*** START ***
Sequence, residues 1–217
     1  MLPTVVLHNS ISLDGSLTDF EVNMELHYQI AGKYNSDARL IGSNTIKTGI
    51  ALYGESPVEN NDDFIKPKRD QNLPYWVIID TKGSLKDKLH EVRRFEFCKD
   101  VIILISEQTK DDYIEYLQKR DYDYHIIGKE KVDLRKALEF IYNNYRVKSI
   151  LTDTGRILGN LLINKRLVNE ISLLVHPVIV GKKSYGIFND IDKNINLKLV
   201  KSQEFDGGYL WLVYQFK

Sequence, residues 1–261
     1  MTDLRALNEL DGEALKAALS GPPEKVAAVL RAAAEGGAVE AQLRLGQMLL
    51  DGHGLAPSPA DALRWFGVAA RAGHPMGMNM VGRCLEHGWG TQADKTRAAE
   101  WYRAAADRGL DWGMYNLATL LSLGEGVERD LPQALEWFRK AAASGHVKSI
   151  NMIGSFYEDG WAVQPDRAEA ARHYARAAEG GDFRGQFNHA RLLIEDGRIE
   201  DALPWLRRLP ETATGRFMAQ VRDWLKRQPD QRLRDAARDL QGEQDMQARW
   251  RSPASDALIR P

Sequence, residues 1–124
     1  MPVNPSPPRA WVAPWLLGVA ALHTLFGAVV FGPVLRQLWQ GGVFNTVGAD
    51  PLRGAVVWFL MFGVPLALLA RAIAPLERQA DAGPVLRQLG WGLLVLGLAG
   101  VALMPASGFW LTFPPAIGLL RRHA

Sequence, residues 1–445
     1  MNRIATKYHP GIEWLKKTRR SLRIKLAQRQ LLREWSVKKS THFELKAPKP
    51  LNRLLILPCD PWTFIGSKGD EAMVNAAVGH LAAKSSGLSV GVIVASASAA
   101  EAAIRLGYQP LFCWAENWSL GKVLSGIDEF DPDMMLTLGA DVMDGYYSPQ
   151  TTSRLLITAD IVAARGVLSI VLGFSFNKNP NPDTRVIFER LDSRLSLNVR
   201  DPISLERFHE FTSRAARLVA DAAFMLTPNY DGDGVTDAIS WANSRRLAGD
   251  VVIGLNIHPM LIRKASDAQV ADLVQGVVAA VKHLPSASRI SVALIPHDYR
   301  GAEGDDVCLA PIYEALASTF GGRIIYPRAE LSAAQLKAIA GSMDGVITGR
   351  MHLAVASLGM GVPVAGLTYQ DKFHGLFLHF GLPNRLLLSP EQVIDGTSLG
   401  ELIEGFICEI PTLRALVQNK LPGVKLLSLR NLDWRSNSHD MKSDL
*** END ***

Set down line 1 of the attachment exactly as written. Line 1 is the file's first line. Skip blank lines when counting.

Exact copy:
Sequence, residues 1–217